Human Immunodeficiency Virus (HIV) infection: A common laboratory manifestation seen in HIV infection, either with the acquired immune deficiency syndrome (AIDS) or early symptomatic HIV infection, is hyponatremia. It can be due to SIADH, or it can be due to volume depletion, secondary to adrenal insufficiency or gastrointestinal losses. Pneumonia, due to Pneumocystis carinii or other organisms and CNS infections by opportunistic pathogens, is also responsible for SIADH. 
Hereditary SIADH: A gain of function mutation in the gene for the renal V2 receptors (located on the X chromosome) is responsible for hereditary SIADH. Such mutation locks the renal V2 receptors in a continuous active state, leading to excessive water absorption and hyponatremia, which in turn is resistant to vasopressin receptor antagonists.
The incidence of SIADH increases with age but, recently, a higher incidence of SIADH has been reported in children. Children and older adults are more hyponatremic, particularly when hospitalized for respiratory and CNS infections like pneumonia or meningitis. SIADH is also more prevalent in hospitalized, post-operative patients due to the administration of hypotonic fluids, drugs, and the body's response to stress.
ADH, also known as arginine vasopressin, is formed in the hypothalamus and stored in the posterior pituitary via a pituitary stalk. The main function of ADH is osmoregulation. However, a severe reduction in effective blood volume shifts the function of ADH to volume regulation, even at the expense of effective plasma osmolality or tonicity. "Plasma osmolality" should be differentiated from "effective plasma osmolality" or "plasma tonicity," as the latter is determined by effective osmoles in the extracellular fluid (ECF) such as sodium (which is not freely permeable across cell membranes), the main component of the ECF. Glucose and urea also increase the plasma osmolality, but these are ineffective osmoles as they are freely permeable across the cell membranes and do not take part in maintaining plasma tonicity.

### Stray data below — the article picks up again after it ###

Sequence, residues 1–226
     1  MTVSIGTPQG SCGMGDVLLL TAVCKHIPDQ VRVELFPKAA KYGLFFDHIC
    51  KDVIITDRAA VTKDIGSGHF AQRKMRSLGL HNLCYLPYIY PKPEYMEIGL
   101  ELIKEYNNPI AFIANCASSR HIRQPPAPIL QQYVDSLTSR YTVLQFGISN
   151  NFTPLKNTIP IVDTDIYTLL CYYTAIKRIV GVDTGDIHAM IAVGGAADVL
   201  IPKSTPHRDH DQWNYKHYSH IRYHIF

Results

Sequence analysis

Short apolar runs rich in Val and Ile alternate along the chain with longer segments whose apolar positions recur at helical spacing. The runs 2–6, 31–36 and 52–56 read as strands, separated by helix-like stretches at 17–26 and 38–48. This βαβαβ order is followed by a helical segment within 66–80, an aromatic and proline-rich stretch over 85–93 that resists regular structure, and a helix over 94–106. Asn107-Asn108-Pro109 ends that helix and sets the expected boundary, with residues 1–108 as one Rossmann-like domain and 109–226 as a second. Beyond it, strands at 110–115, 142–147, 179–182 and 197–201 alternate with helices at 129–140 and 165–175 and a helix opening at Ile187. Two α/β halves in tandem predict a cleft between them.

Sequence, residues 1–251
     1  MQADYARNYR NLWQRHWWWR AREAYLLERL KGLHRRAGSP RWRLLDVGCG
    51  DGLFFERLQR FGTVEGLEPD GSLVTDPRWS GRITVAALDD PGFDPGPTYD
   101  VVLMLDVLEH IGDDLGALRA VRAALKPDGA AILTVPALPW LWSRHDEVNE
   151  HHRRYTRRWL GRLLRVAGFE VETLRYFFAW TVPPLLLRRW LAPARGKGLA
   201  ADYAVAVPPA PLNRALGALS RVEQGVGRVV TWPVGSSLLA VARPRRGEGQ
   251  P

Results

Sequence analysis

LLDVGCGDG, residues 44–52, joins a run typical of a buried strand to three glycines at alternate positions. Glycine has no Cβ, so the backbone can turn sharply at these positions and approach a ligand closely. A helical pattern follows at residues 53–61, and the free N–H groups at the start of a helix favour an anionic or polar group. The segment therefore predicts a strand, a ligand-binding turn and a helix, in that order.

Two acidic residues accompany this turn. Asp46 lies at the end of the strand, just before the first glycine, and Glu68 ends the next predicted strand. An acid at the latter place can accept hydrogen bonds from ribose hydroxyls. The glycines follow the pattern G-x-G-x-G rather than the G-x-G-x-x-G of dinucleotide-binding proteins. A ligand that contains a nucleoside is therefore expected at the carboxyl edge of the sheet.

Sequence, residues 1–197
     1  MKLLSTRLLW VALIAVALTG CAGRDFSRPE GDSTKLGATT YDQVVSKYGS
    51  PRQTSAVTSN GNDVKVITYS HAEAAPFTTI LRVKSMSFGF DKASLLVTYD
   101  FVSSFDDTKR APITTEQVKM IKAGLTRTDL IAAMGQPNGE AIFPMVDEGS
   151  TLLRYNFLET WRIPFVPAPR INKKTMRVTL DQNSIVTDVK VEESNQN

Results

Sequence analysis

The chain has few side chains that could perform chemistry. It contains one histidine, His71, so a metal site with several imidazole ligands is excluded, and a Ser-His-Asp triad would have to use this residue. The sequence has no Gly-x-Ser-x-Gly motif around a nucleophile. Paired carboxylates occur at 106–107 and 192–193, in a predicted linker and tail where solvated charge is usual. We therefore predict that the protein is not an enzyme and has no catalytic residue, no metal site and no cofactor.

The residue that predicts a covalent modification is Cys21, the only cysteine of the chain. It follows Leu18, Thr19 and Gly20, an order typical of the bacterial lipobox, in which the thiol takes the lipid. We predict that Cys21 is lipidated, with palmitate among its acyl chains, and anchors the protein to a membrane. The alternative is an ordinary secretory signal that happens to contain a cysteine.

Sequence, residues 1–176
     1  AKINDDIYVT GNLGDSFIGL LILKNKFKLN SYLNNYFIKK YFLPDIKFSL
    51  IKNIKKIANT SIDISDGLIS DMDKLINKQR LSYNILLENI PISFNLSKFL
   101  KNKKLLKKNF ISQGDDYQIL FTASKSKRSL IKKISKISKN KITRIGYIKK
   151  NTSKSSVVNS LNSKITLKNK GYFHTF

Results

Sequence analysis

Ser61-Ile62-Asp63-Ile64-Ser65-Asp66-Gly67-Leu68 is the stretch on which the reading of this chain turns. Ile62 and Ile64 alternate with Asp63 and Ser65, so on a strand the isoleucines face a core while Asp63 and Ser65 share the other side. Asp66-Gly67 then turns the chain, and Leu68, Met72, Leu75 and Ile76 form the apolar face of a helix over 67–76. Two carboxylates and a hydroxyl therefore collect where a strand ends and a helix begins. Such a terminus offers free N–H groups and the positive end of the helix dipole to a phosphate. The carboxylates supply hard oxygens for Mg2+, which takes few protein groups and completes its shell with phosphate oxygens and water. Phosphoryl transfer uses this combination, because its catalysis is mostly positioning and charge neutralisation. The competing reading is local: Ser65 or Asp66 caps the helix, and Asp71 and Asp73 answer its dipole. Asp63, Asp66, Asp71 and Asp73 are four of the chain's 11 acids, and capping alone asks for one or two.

The most important and primary function of ADH is to maintain the plasma tonicity, primarily by an alteration in water balance. Osmoreceptors detect the change in effective plasma osmolality in the hypothalamus. A decrease in tonicity prevents ADH release and prevents water retention. An increase in tonicity causes ADH release, which acts on V2 receptors on the luminal surface of cortical and medullary collecting tubular cells. Under the influence of ADH, unique aquaporin-2 water channels are formed by the fusion of pre-formed cytoplasmic vesicles in the tubular cells, and water is absorbed down the concentration gradient. Once the water is absorbed, these channels are removed by endocytosis and returned to the cytoplasm. The osmoreceptors are extremely sensitive, responding to alterations in the plasma tonicity of as little as 1%. The osmotic threshold for ADH release in humans is about 280 to 290 mOsmol/kg. There is little circulating ADH below this level, and the urine should be maximally diluted with an osmolality below 100 mOsmol/kg. Above the osmotic threshold, there is a relatively linear rise in ADH secretion. This system is so efficient that the plasma osmolality does not typically vary by more than 1% to 2%, despite wide water intake fluctuations.
In patients with SIADH, levels of ADH are high even in the presence of decreased plasma osmolality and/or hyponatremia. Excess water absorption keeps the blood volume high or normal.
An acute drop in blood pressure as sensed by " volume receptors" rather than "osmoreceptors" causes ADH release (along with other hormones like rennin and epinephrine), which generates free water absorption from the kidneys. This can potentially lead to hyponatremia and a decrease in effective ECF osmolality. So, the main focus in rapid and/or substantial decrease in blood volume is "volume regulation," even at the cost of osmolality. This effect is more prominent in patients with liver disease or cardiac disease, and hyponatremia in such patients is the direct predictor of a worse prognosis.
History and Physical